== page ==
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Europe’s Battery Capacity Surpasses 20 GW

published: 2024-06-04 16:45

Norway aims to be a leader in the battery storage market in the Nordic region, but Sweden and Finland have surpassed it in BESS deployments. Jon Ferris, an analyst at research firm LCP Delta, examined the energy storage market dynamics in the Nordic region in a recent study.

A decade ago, Europe had yet to install its first grid-scale lithium-ion battery when Statnett, Norway’s transmission system operator (TSO), announced its ambition for Norway to become “the battery of Europe.” Since then, nearly 3 GW of interconnector capacity has been installed to link the GB and German markets with Norway’s substantial hydro capacity.

However, across Europe, battery capacity now exceeds 20 GW, with Great Britain, Germany, and Italy leading this growth. In contrast, Norway’s battery market remains underdeveloped, even compared to its neighbors.

Sweden and Finland Lead Grid-Scale Deployments

In Finland, the largest battery is currently located at Olkiluoto, developed much more quickly than the nuclear plant at the same site. Data from LCP Delta’s StoreTrack shows over 300 MW of grid-scale batteries are expected to come online in the next two years, and the telecoms operator Elisa plans to install 150 MWh of batteries across its sites.

Sweden, on the other hand, boasts a more advanced residential storage sector and a larger pipeline of grid-scale batteries than all the other Nordic countries combined, with around 400 MW slated for operation in 2024 alone.

Most BESS projects in Sweden are 1-hour systems, with their business case still heavily focused on ancillary service markets.


New Markets Create Opportunities for Startups

While Polarium focuses primarily on the industrial and residential sectors, Sweden’s grid-scale storage is being driven by Ingrid Capacity, which has announced a pipeline of 400 MW capacity for 2024. Other startups advancing the country's storage sector include Flower Technologies, which recently acquired a 42.5 MW battery from OX2, and the optimizer Fever, which is supporting Conapto’s data center battery in participating in frequency response markets.

The Finnish startup scene is also growing, with CapaloAI optimizing Exilion’s 6 MW battery across multiple markets. In Norway, where the electricity market is dominated by hydro, startups like Enode are adopting a broader approach, while Eco-Stor is targeting Germany for its battery pipeline.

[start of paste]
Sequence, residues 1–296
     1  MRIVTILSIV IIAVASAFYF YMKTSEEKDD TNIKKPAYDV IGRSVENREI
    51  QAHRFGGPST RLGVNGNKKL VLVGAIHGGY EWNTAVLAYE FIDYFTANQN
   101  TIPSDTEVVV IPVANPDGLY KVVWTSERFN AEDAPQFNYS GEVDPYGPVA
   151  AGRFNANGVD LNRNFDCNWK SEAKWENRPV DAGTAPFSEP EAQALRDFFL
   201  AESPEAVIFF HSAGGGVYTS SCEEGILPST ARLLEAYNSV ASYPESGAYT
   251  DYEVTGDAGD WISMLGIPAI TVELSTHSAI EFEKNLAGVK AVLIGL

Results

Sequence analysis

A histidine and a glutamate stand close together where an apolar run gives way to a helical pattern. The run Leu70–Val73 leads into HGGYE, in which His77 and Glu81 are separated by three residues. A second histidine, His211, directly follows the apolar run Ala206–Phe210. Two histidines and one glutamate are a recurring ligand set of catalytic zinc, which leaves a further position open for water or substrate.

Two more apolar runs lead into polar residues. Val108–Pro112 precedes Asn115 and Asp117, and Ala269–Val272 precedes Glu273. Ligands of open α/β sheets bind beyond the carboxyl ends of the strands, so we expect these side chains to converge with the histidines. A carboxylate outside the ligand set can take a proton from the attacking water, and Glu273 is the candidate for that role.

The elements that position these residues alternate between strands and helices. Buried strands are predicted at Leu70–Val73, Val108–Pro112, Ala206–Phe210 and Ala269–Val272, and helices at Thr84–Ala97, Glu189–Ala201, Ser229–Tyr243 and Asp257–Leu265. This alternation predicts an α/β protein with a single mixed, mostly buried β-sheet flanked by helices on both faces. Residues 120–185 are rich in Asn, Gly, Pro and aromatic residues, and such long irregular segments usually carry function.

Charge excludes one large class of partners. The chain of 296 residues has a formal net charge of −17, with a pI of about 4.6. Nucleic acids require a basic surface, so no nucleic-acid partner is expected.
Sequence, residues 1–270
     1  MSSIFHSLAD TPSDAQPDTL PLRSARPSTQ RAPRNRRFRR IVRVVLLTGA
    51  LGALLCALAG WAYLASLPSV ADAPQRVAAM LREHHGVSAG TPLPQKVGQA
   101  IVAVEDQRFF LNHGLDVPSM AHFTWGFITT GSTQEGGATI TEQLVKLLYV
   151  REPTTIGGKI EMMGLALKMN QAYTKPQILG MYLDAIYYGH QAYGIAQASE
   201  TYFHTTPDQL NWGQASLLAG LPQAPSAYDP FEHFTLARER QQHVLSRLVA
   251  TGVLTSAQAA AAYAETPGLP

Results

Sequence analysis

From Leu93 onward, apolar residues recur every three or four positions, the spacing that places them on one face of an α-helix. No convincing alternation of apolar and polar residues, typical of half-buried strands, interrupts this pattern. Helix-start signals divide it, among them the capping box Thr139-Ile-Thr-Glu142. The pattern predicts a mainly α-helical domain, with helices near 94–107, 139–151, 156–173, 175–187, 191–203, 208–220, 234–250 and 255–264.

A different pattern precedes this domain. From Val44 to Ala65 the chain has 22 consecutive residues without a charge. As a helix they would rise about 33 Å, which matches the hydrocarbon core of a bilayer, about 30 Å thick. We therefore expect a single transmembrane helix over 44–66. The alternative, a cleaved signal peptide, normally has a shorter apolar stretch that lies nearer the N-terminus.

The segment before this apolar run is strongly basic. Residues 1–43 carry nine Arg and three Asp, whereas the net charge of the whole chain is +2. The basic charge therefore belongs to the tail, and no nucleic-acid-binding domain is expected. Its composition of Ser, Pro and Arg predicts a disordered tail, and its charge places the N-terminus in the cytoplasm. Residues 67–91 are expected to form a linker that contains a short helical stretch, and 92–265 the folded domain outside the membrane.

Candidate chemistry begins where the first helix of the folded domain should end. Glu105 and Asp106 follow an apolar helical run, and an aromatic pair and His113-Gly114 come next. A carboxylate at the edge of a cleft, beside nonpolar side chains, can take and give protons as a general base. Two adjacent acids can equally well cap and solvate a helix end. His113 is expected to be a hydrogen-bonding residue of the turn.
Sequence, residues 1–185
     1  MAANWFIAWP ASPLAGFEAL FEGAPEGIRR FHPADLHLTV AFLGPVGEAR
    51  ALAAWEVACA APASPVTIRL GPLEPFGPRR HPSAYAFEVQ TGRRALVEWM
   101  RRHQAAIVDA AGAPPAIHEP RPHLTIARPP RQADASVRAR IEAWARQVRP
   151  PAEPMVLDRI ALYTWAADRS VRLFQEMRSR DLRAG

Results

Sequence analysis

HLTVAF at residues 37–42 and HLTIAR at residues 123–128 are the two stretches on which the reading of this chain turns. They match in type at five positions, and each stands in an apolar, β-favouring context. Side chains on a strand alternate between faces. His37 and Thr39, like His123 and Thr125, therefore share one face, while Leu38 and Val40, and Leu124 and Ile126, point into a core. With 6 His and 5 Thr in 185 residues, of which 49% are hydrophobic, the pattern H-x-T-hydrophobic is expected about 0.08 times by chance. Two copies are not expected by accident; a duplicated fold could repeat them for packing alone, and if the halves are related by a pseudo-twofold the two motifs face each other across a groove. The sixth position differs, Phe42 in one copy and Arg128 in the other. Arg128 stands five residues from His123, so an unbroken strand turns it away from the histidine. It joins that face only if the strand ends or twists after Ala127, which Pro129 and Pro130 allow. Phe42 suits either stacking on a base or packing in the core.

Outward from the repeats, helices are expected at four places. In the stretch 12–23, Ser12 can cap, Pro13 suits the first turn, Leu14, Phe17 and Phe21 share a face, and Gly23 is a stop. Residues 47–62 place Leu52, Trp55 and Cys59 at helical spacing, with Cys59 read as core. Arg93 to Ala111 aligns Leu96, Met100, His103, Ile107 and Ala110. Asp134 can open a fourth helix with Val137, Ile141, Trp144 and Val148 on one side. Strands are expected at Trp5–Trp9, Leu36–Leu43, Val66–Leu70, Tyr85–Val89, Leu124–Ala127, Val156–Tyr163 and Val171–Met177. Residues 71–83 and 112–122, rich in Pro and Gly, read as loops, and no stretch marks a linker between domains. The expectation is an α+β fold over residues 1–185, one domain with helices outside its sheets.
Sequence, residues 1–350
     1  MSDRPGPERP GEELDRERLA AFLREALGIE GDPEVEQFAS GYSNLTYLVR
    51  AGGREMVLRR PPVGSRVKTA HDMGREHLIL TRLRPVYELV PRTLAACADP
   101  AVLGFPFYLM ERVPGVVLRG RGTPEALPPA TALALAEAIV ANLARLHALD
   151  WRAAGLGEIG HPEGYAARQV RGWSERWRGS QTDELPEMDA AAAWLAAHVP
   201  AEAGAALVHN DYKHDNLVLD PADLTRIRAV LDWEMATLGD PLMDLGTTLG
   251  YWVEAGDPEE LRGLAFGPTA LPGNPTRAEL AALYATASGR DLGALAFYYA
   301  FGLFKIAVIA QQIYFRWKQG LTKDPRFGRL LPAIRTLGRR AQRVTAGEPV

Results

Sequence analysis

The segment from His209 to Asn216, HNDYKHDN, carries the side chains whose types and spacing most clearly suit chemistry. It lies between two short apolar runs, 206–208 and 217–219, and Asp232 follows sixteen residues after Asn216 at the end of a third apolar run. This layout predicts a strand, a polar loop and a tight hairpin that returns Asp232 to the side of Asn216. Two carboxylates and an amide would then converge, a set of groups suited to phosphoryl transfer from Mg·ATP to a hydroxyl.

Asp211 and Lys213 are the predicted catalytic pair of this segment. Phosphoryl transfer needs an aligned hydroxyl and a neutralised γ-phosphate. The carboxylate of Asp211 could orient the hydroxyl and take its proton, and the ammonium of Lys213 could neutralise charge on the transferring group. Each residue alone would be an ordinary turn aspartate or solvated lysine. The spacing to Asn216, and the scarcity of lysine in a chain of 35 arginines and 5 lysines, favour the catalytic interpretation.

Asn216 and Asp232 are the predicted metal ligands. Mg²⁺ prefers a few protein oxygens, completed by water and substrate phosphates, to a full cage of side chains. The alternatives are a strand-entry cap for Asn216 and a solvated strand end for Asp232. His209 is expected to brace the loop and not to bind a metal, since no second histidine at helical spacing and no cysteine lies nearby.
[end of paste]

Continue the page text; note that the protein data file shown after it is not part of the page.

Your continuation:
Flexibility Markets Open to Consumers

Commercial and industrial participation in energy markets has long been a hallmark of the Nordic region. In Sweden, a collaboration between Sympower and Vattenfall enabled Arctic Paper to become the first provider of FCR (Frequency Containment Reserve) in 2020, now supplying 60 MW in FFR (Fast Frequency Reserve).

Residential customers are also engaged, with Tibber aggregating to provide FCR since 2020. More recently, 1komma5 launched its Dynamic Pulse tariff and Heartbeat optimization platform, aiming to deliver zero-cost energy to households by pooling batteries to support grid frequency.

The Nordic countries are recognized leaders in the electrification of residential heating and transportation. Specialist optimizers like Kapacity.io manage flexibility from heat pumps in Finland, while True Energy handles EVs in Sweden and Denmark.

Growing Needs and High Prices for Flexibility Attract Investment

Investments in batteries and residential flexibility have been driven by the increasing need for ancillary services, especially for downward regulation. Sweden’s TSO, Svenska Kraftnat, has struggled to procure its target capacity for Fast Frequency Response (FFR) during low-inertia summer months. Additionally, lower weekend demand means that traditional generation sources for downward regulation are offline, increasing the need for mFRR (manual Frequency Restoration Reserve) capacity.

However, the high prices attracting these investments in batteries and residential flexibility may not be sustainable due to market saturation. While the need for flexibility grows with the increase in renewable generation and rising demand, the capacity of installed batteries is growing at an even faster rate.
Efforts to share reserve capacity between countries, starting within the Nordic balancing model and eventually extending to pan-European coupled markets, will enhance the efficient use of flexibility and reduce balancing costs for system operators and consumers.

Long Duration Energy Storage Will Be Needed

Lithium-ion batteries increasingly dominate the short-term flexibility markets across Europe, addressing market saturation by stacking value across longer-duration spot markets. However, questions remain about the suitability of batteries to meet the anticipated need for flexibility over weekly or monthly durations.

Norway's extensive hydro capacity is better suited for seasonal storage and appears well-positioned to compete in the long-duration storage market. Nevertheless, further market evolution is necessary for Norway to realize its ambition of becoming the "battery of Europe.”

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